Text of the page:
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Sunday, September 18, 2011

Care for the Earth

God's original mandate for Adam was for him multiply and to rule over the earth (Gen. 1:26) and to till the the garden making it productive (Gen. 2:15). We could imagine the earth today the Garden of Eden made large.

I recently drove through the Columbia Basin of Washington where in sixty years the sage brush desert has been made to bloom as a rose. At one high point I stopped to look over the landscape.

As far as I could see in every direction were orchards, vineyards, wheat fields, corn, and sugar beats. It was a panorama of green and gold. But all is not well.

A recent trip to New Delhi India provided a sobering reminder that we have not done so well everywhere. Dust and smoke from cars and factories and burning garbage so polluted the air I could hardly breathe. The city itself was ill-kept,crowded, and festering. But that is a city, right?

Right. But it does not need to be so. On a recent trip into Seattle on the Sound Transit light rail train I noticed a green spot in an urban area I traveled through. Later I returned by car so I could look more closely. It was a community garden. In a strip of land that was a power line right of way, residents had planted a block long patch of vegetables and flowers.
Community gardens are not new. The city where I live has community gardens. Many homes have backyard gardens, as well. But the contrast between New Dehli and the Seattle neighborhood caused me to think about the mandate God gave Adam. Could we not do better at caring for the world than we have done. It is possible. God gave us the intelligence. We only need the will to follow his good plan.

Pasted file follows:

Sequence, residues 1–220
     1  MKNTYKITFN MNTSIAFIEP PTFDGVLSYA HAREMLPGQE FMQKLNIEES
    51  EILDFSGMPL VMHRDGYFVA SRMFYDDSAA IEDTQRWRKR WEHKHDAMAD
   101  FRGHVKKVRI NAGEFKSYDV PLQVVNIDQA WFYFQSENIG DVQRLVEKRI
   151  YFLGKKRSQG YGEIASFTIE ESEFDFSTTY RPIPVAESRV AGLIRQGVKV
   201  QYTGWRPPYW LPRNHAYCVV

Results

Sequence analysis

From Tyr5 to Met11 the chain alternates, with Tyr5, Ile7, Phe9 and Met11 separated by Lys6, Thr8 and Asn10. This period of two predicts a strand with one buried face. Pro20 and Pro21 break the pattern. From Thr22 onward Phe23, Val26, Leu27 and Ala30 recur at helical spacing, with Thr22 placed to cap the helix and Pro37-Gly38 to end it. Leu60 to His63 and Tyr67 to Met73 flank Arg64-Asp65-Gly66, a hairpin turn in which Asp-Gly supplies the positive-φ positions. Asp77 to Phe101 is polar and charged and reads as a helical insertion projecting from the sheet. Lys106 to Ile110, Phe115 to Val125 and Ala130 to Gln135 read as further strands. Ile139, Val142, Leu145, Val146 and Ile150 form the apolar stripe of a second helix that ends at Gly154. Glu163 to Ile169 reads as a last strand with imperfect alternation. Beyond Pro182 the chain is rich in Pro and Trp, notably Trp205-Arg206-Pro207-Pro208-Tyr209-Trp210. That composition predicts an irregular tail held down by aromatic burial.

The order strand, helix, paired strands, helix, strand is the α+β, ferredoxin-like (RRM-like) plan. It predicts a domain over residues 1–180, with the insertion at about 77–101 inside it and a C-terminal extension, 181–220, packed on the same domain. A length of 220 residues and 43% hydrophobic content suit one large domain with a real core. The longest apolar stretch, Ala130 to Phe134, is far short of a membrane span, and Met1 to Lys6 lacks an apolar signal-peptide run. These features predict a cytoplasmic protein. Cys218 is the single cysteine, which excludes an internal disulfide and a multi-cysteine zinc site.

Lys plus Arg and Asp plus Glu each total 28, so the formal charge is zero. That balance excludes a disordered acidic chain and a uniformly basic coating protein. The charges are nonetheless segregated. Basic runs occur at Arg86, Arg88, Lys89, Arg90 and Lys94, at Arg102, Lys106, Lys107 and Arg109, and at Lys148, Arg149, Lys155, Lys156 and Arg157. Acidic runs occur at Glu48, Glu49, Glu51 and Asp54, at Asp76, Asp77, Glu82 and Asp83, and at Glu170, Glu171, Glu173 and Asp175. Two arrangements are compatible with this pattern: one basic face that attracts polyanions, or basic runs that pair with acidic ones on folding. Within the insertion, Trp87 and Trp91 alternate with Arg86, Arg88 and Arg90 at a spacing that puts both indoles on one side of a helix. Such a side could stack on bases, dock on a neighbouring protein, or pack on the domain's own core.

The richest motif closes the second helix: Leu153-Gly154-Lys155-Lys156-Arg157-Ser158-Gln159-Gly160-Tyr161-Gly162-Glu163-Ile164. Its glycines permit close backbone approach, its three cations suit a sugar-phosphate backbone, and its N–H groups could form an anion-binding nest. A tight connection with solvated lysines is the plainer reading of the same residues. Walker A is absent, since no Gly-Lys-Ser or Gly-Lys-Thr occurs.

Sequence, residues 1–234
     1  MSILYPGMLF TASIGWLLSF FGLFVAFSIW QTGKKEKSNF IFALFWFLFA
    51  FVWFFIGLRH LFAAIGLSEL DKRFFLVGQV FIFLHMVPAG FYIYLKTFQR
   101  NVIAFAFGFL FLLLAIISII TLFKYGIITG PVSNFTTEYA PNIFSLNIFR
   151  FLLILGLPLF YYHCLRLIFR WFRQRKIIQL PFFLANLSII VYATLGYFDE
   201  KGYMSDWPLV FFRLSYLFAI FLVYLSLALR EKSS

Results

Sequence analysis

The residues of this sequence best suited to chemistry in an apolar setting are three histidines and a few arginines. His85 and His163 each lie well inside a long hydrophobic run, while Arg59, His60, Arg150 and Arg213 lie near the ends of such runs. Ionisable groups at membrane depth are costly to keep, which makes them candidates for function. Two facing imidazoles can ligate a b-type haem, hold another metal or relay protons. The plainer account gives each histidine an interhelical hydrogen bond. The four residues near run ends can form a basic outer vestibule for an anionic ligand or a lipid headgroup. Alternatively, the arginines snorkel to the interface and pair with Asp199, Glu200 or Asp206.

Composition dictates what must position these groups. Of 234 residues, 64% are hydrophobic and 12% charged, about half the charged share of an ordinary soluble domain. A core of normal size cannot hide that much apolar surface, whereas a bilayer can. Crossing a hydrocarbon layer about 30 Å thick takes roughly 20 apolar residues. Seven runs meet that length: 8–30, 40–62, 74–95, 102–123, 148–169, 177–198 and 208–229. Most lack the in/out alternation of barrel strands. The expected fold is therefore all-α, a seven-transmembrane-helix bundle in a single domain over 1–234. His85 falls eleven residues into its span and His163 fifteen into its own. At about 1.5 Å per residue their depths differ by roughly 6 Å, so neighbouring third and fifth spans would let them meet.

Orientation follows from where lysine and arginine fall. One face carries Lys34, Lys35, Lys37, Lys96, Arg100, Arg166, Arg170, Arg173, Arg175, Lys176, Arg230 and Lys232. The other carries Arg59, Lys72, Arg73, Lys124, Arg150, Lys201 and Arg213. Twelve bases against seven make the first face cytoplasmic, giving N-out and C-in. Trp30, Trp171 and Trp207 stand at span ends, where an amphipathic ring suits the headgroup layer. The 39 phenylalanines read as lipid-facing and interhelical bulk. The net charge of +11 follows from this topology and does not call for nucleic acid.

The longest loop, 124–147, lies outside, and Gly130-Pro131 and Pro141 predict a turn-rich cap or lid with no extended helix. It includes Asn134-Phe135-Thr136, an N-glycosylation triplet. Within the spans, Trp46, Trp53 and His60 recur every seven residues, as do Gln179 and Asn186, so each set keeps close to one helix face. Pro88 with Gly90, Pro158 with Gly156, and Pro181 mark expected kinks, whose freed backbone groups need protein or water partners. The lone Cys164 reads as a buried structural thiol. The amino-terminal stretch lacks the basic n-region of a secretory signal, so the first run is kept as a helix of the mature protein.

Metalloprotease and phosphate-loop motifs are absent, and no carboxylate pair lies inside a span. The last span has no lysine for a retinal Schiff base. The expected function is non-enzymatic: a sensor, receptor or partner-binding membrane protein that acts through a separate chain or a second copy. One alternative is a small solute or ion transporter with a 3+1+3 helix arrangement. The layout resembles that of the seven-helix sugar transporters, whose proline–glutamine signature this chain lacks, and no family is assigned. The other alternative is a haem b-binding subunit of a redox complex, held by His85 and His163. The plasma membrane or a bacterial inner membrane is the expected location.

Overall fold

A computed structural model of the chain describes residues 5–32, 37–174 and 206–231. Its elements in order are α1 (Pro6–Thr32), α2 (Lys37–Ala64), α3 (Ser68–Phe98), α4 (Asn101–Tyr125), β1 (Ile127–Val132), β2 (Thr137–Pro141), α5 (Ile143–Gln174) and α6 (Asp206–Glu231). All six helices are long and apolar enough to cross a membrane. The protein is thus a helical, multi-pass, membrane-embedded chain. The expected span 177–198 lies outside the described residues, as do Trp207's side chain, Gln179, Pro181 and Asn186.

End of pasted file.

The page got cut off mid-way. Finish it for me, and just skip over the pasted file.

Sunday, September 11, 2011


The theme for the year at school is unity.  The theme is taken from John 17:21 which reads: "that they may all be one; even as thou, Father, art in me, and I in thee, that they also may be in us: that the world may believe that thou didst send me.

It is a great theme. Certainly it is what God wants for us. But we often think of unity as something we need to work toward rather than something that God creates. (The closest we come to working toward unity is Ephesians 4:3 where we are told to "keep the unity of the Spirit in the bond of peace." But even then we simply keep what God has created.) However, like everything spiritual we try to do in the power of the flesh, no matter how hard we try, unity escapes us. The best we can achieve is agreement and cooperation. That is not unity, though agreement and cooperation may be the product of unity. It is too tenuously based when it is mere agreement and cooperation.

So, what is unity? John 17:21 actually refers back to John 17:11. There unity means the unity of brothers and sisters of one Father.  It is the unity of family, of being from one blood spiritually. It is the unity of a family whose focus is on the Father, rather than on themselves.

That sounds like worship, and in fact, true worship is one place where unity is most purely experienced. It is the place where unity begins - focusing together on God. As we focus on God, we allow God to be God. We stop playing God.  We allow our brothers and sisters to be accountable to God rather than to us.  We give up our right to be critical and to judge. That right is God's alone.

What a relief is this letting God be God. How sweet to see God's mercy and grace in the lives of others rather than looking for "issues."  What a joy this kind of unity is. And it is ours as we turn our focus to God and rest in his sovereignty.